We report derivative chromosomes, originally interpreted as 9q;15q whole-arm translocations, in tumor cells from two patients with non-small cell lung cancer (NSCLC). One of the tumors was diagnosed as an adenocarcinoma and the other as an adenosquamous carcinoma. In each case, there was no normal chromosome 9. Because of the pericentromeric location of the breakpoints, classical cytogenetic banding techniques did not permit determination of the centromeric origin of these derivative chromosomes. Fluorescence in situ hybridization (FISH) with satellite (α, β, classical), ribosomal DNA, α-interferon (α-IFN), and whole chromosome painting probes indicated that the 9;15 rearrangement is dicentric in both tumors. In one of these cases, the derivative chromosome is interpreted as a dic(9;15) (p11;p11.2); the other case has a more complicated rearrangement involving reorientation of pericentromeric sequences. A 9q;15q whole-arm derivative chromosome was reported previously in another lung adenocarcinoma, suggesting that this abnormality may represent a recurrent change in lung carcinomas, particularly those displaying adenomatous features.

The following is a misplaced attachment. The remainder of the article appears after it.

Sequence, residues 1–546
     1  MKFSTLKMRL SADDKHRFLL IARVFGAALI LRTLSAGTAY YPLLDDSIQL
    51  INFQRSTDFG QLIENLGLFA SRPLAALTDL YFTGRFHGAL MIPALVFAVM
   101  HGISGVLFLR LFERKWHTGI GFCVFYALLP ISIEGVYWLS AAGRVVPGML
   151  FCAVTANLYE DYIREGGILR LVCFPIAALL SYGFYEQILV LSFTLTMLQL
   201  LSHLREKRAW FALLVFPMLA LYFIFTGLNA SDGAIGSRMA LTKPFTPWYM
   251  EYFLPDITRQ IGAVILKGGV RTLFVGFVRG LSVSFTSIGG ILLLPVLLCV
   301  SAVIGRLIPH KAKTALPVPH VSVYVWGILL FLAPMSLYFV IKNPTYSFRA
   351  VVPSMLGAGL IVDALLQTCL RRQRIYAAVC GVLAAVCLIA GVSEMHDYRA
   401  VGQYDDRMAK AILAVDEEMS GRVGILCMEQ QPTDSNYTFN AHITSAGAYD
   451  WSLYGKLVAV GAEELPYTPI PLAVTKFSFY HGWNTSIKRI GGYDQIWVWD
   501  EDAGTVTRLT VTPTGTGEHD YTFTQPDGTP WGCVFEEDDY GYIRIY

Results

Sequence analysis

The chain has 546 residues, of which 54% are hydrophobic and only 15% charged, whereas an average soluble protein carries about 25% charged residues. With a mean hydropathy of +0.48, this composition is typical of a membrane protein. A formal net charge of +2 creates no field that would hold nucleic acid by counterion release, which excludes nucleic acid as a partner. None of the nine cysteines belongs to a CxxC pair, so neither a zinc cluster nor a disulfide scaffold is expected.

Bibliographical noteFunding Information:
The authors thank Takafumi Tomiyasu for technical assistance on case 2 and Drs. M. Diaz, A. Godwin, A. Baldini, D. Ledbetter, and K. Choo for DNA probes. This work was supported by NIH Grants No. CA-45745 and CA-06927 and by an appropriation from the Commonwealth of Pennsylvania. J.M.S. was supported by an American Cancer Society Junior Faculty Award, by Co-operative Agreement No. CR816188 from the U.S. Environmental Protection Agency, and by NIH Grant No. CA-50694.